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My classroom was ready for the winter holidays. I carefully counted the holiday decorations and was filled with a sense of satisfaction as I counted five each for Christmas, Hanukah, and Kwanzaa. Then I thought about Sari.
Although my plan was to be sensitive to the traditions and customs of the students in my classroom, the truth was, I was not aware of all the different religious beliefs, customs, and traditions my students held. Just highlighting what I thought to be the “big three” was suddenly not enough. That year I took down the holiday decorations I had carefully counted and put up snowflakes in my North Carolina classroom.
It is with great pleasure that I have watched my classroom become more and more multicultural in the past 10 years. I have had the satisfaction of explaining American traditions to my English language learners and discovering interesting information about their countries and customs.
Just last week, among the students in my guided-reading group, we had a lively (and delicious) discussion about eating dessert. Two of the students were from Korea, one from Japan, one from Mexico, and another from Colombia. Not only did our discussion help them comprehend the text we were reading, it helped to create a bond among us as we shared our dessert stories with laughter.
It can also be amusing to hear our native students explain such traditions as Halloween to our new arrivals, who often can’t quite believe what they are hearing. “Seriously,” I overheard one boy telling another, “you just put on a costume, go with a big bag, say ‘trick or treat’ and you get free candy. From everyone!”
Our English language learners also teach us valuable lessons about not jumping to conclusions when we native speakers see someone struggling with English words that require strange, tongue-twisting sounds. My still mostly white classroom was surprised when our newly arrived Korean student outscored them all on a math test. One of my students commented to me, “I guess he knows the language of numbers!”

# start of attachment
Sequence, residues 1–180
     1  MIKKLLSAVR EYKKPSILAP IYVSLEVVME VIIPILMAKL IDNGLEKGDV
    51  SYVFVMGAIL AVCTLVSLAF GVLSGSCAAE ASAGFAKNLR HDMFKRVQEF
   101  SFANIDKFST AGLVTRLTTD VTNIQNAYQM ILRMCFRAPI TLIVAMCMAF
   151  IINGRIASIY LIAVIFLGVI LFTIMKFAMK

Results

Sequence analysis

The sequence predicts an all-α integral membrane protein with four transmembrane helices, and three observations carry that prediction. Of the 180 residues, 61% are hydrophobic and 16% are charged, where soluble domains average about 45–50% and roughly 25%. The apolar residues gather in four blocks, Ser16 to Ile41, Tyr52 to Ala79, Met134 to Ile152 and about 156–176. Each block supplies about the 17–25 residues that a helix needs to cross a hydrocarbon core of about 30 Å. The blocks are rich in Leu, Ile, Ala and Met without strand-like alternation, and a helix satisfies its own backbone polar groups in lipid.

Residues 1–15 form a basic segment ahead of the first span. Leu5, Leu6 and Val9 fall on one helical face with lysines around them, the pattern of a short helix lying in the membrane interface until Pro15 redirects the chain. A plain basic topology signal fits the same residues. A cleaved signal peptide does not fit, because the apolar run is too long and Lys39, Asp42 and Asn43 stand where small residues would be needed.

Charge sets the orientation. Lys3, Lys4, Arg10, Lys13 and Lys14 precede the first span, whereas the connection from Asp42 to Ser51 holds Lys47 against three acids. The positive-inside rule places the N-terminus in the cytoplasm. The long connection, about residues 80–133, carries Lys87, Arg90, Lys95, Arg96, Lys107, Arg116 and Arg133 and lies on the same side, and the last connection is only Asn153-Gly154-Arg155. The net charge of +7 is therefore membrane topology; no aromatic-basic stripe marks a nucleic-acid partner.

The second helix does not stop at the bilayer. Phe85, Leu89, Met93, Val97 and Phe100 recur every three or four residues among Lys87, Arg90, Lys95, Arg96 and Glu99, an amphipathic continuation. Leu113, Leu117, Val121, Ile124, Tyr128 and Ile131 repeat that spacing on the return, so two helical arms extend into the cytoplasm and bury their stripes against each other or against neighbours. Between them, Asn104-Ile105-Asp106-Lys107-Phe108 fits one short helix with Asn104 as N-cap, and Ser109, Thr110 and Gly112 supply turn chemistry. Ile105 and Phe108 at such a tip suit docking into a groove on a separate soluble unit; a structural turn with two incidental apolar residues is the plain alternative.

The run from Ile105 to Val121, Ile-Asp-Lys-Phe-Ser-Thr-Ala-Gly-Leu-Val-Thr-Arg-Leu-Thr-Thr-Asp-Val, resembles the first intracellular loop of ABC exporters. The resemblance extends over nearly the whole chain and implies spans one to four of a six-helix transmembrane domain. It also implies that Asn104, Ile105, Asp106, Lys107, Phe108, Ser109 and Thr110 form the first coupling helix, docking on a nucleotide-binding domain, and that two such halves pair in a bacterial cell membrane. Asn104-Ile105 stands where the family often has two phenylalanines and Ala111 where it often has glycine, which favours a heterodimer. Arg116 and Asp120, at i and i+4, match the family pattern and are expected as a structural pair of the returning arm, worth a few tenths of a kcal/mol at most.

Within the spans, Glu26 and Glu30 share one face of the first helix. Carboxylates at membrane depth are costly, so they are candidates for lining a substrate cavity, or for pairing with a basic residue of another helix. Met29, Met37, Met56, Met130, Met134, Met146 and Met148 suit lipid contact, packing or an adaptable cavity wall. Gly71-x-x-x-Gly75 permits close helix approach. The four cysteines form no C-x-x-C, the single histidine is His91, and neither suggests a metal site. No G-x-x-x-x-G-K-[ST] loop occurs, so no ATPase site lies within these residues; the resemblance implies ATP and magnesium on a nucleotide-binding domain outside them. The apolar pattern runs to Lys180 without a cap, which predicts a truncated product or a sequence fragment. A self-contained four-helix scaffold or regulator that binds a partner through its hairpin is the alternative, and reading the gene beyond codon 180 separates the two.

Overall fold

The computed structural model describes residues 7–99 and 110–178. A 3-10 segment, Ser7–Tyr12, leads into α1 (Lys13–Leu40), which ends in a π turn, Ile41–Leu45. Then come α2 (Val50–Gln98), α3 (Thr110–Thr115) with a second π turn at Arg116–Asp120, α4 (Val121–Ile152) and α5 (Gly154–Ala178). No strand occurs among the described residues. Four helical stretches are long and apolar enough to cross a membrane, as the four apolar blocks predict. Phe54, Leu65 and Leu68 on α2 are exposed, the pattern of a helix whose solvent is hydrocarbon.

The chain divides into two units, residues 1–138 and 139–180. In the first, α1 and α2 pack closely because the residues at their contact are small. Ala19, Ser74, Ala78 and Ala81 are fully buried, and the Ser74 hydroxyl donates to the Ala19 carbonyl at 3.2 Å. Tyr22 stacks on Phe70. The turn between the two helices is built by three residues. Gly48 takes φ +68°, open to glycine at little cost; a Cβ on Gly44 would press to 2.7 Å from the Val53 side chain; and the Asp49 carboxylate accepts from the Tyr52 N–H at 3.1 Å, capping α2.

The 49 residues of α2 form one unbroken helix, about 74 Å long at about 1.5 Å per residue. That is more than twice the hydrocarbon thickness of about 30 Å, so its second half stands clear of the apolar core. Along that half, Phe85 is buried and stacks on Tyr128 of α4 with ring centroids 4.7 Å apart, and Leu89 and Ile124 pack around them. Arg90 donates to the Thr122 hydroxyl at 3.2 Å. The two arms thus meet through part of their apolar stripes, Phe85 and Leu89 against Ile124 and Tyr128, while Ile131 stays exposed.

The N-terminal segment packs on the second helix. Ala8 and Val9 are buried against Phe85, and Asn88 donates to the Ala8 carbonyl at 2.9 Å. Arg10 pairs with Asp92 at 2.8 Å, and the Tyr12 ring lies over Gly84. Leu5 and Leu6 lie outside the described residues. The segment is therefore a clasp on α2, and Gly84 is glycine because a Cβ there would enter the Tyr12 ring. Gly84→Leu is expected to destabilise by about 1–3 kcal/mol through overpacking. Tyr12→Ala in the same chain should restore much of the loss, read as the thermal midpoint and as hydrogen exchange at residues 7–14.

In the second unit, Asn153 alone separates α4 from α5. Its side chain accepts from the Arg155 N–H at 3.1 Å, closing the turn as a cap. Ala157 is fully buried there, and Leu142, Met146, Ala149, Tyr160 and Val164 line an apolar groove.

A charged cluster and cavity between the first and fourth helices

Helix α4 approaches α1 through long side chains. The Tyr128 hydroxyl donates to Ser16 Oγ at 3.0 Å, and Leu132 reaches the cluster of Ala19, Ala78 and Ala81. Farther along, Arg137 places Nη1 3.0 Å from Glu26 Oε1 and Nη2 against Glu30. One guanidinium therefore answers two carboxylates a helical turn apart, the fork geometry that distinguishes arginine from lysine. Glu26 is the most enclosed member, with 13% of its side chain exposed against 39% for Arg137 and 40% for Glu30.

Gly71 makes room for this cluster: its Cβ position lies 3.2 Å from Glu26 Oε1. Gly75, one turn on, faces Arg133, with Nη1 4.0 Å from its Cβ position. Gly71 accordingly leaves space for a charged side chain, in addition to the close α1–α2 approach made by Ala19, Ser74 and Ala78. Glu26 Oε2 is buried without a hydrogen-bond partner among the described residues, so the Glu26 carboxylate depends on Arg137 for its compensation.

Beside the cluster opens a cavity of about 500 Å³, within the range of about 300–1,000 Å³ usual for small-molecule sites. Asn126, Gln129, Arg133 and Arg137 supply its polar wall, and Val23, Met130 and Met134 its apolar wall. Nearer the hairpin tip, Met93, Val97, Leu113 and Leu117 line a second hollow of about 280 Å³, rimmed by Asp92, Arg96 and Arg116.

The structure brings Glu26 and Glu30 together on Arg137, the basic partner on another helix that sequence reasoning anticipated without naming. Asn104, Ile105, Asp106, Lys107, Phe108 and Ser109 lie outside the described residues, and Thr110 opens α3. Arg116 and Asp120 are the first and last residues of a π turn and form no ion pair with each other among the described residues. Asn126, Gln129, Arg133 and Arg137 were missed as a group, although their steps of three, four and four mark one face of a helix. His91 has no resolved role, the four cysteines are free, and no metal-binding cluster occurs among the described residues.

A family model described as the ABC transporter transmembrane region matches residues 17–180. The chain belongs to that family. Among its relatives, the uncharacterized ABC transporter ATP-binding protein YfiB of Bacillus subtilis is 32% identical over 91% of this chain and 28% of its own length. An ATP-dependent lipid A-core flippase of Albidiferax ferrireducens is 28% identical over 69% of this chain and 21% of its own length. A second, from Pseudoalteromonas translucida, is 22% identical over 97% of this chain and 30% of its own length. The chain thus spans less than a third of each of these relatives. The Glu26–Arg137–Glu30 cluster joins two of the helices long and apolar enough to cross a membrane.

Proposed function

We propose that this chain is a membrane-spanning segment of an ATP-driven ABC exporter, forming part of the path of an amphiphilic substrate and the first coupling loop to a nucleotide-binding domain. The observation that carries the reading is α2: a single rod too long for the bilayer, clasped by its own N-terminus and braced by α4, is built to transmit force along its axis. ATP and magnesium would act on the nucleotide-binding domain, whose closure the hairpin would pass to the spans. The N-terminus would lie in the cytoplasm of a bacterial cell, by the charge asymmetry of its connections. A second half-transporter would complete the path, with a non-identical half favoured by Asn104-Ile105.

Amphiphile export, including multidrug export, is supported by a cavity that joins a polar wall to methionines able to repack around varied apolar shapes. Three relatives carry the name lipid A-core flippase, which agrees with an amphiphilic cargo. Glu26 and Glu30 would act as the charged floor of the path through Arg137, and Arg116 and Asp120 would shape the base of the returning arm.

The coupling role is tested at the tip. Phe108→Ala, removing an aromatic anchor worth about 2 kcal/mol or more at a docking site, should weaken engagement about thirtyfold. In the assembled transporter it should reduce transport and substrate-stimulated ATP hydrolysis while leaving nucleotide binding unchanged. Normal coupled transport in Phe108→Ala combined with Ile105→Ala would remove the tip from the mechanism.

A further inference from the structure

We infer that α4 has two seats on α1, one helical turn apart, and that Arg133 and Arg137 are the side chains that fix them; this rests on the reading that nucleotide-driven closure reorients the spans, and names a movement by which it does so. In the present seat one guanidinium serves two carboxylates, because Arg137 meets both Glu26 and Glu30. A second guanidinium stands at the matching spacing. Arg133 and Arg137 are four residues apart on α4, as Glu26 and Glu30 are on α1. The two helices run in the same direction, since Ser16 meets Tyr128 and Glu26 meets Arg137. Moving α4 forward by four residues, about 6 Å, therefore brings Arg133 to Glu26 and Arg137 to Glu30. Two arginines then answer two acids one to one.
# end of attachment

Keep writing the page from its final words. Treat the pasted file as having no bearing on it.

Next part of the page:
English language learners also know the language of kindness—both how to give and to receive graciously. During a playground game of four-square, one of my students invited a new student to join in by smiling and putting the ball in her hands. When the ball-giving student made an error, her new friend was the first to retrieve the ball and invite her back into the game. I couldn’t help but smile as the scene unfolded.
Before moving to my adopted state of North Carolina, I never needed the advice of an ESL teacher. That’s not because I don’t consult my colleagues, but because I only had native English speakers in my classes. I clearly remember our school’s Celebrate Diversity Day. After the celebration, I wondered how the students would act if we really had any diversity.
In my current school, most every teacher has students appear at their classroom doors knowing very little, if any, English. My first ELL student flew into America and within days was sitting at one of my tables. Over time, as I sought to meet his needs, he changed the way I taught and brought a new dimension into our student community. He blossomed and we grew as well.
As I take out the winter decoration box from my storage closet this year, I don’t miss my former holiday decorations. My classroom is a living example of the rich learning opportunities that emerge when children of different races, cultures and faiths come together in America’s public schools.
So I’m sticking with my snowflakes. Like my students, each one is unique, and when they come together, they form a beautiful landscape within my classroom.